I have a data set that contains both categorical variables and continuous variables. I was advised to transform the categorical variables as binary variables for each level (ie, A_level1:{0,1}, A_level2:{0,1}) – I think some have called this "dummy variables".

With that said, would it be misleading to then center and scale the entire data set with the new variables? It seems as if I would lose the "on/off" meaning of the variables.

If it is misleading, does that mean I should center and scale the continuous variables separately and then re-add it to my data set?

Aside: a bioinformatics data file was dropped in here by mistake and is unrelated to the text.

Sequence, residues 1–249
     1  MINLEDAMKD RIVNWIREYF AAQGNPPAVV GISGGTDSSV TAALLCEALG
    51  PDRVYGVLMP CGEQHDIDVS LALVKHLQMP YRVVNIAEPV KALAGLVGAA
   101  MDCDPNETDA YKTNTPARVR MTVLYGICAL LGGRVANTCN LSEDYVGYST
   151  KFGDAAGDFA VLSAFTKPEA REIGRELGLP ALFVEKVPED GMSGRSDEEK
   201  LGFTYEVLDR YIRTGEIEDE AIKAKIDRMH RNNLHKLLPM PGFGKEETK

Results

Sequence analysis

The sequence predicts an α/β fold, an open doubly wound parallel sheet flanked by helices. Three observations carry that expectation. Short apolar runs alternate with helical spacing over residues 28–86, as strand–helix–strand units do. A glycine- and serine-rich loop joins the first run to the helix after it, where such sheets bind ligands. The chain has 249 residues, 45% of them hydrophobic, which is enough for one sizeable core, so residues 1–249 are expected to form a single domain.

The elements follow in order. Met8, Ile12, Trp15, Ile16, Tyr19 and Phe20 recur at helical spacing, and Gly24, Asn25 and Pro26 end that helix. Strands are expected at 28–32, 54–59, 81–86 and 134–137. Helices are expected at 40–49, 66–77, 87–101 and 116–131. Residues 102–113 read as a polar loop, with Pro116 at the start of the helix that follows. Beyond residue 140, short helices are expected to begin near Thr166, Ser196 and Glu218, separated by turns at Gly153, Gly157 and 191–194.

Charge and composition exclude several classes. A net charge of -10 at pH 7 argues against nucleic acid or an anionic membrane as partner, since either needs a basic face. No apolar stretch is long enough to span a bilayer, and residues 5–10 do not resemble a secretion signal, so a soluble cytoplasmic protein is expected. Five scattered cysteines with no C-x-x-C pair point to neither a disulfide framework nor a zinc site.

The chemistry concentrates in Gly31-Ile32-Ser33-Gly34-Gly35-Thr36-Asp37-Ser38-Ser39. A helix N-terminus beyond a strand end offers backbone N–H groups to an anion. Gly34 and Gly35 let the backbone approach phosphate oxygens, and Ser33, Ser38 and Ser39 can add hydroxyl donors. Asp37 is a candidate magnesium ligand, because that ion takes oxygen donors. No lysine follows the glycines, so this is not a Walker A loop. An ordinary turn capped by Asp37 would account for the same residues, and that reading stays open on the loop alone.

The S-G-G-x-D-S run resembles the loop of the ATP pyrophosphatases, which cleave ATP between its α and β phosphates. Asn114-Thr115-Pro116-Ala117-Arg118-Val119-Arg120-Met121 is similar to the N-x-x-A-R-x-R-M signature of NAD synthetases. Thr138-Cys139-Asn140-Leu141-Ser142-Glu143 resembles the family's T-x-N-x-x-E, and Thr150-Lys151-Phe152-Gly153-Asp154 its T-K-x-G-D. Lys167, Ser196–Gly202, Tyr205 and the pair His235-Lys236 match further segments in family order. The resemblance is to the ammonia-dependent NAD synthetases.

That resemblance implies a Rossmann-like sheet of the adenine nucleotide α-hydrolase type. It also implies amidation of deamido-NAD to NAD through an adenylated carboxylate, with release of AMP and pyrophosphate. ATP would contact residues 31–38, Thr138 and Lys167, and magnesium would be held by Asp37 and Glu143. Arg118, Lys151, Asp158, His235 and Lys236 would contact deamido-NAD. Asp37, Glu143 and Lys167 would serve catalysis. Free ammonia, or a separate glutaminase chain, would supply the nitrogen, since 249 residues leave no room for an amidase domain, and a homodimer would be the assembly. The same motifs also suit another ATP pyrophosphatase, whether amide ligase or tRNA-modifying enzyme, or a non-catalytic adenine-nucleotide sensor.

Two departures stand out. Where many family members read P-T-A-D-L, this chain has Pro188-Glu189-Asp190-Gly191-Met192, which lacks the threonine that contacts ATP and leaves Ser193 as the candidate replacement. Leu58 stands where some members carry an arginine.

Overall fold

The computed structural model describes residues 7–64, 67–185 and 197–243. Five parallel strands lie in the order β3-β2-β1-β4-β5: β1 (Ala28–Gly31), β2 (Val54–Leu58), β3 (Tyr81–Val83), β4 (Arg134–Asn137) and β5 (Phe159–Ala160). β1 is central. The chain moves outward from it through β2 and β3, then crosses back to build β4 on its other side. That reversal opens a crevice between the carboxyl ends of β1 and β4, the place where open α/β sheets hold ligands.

TIA.

## Best Answer

When constructing dummy variables for use in regression analyses, each category in a categorical variable except for one should get a binary variable. So you should have e.g. A_level2, A_level3 etc. One of the categories should not have a binary variable, and this category will serve as the reference category. If you don't omit one of the categories, your regression analyses won't run properly.

If you use SPSS or R, I don't think the scaling and centering of the entire data set will generally be a problem since those software packages often interprets variables with only two levels as factors, but it may depend on the specific statistical methods used. In any case, it makes no sense to scale and center binary (or categorical) variables so you should only center and scale continuous variables if you must do this.